Originally published in Tulsa Business & Legal News | Oklahoma State University Institute of Technology in Okmulgee launched a new School of Energy Technologies that is expected to better position the university to prepare a sustainable workforce for the region’s oil and gas industries.
Roy Achemire, the new dean of the School of Energy Technologies, is a frequent conference speaker on the topic of energy technologies. He was a driving force behind the creation of the Natural Gas Compression and Pipeline Integrity Technology programs at OSUIT.
“Energy is such a big part of Oklahoma’s economy, but it’s also integral to the region in states such as Texas, New Mexico, Arkansas, Kansas and Louisiana,” Achemire said. “Having these programs under one umbrella gives our advisors and industry partners one place they can go to meet their needs.”
With 75 percent of the nation’s oil and gas production and several of the nation’s largest energy enterprises within a 500-mile radius of Okmulgee, the university is in constant contact with industry leaders regarding existing and emerging needs.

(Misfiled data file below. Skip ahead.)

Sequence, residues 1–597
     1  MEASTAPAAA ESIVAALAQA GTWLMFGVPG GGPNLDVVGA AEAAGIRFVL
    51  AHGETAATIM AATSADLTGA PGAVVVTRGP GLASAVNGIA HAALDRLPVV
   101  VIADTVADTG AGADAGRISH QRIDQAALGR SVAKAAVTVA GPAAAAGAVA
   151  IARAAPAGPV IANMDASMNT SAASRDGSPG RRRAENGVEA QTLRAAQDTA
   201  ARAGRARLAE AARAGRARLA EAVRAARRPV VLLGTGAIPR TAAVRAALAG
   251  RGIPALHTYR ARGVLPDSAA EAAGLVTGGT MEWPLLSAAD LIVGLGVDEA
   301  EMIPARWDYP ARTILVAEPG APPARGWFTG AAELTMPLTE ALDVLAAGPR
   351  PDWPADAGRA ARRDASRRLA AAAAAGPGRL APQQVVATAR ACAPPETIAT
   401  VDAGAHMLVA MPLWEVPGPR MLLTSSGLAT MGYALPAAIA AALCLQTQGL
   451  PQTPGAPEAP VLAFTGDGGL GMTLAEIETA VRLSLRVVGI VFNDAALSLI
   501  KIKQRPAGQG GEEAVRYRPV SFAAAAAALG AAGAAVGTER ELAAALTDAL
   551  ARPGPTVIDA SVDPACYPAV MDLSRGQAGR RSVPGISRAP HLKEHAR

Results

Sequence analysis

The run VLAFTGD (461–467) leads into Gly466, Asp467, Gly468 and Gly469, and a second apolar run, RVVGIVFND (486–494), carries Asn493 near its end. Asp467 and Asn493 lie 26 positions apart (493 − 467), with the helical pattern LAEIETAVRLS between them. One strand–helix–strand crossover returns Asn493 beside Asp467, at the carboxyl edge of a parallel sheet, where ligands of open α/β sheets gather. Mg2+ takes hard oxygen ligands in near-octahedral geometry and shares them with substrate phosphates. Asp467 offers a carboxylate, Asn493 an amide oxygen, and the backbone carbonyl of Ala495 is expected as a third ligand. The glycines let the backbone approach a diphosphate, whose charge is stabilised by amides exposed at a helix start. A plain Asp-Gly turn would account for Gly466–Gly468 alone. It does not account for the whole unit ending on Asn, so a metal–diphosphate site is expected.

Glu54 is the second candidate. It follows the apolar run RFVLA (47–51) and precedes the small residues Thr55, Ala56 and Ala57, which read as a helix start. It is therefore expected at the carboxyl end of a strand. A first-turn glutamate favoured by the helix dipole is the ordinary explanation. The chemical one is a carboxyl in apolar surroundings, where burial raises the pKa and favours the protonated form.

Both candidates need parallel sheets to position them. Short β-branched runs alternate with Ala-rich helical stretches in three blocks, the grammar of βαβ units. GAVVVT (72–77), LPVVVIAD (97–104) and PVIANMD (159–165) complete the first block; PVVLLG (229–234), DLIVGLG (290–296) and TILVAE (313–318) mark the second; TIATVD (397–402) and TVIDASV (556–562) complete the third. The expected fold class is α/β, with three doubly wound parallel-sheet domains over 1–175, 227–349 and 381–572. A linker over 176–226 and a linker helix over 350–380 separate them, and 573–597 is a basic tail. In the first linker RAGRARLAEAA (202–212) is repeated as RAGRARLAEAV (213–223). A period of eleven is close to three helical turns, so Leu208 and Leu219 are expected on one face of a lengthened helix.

“OSUIT has a distinguished track record of success in working collaboratively with industry partners in the development of programs directed to critical workforce needs,” said Dr. Scott Newman, vice president of Academic Affairs.
In addition to allowing OSUIT to better respond to the needs of its energy-sector partners, the new School of Energy Technologies will facilitate greater synergy between the university’s energy-focused programs, currently housed in separate academic units, Newman said.
Further, the establishment of a School of Energy Technologies will improve the institution’s ability to connect with prospective students interested in pursuing careers in energy-related disciplines.
Three existing programs already thriving at the university — Power Plant Technologies, Pipeline Integrity Technology and Natural Gas Compression — will reorganize under the School of Energy Technologies.
“We’ll strengthen our existing programs and build on our partnerships to see where growth can occur,” Newman said. “This could lead to the formation of new programs and degree opportunities as these current programs come under one umbrella.”
Both Newman and Achemire said the recent downturn in the oil and gas industry isn’t deterring the school and, in fact, has had a minimal impact on the programs. While companies are looking at readjustments in the current market, a demand for highly-skilled employees will remain high.
“We have to look long term if we want to position OSUIT for the future,” Newman said.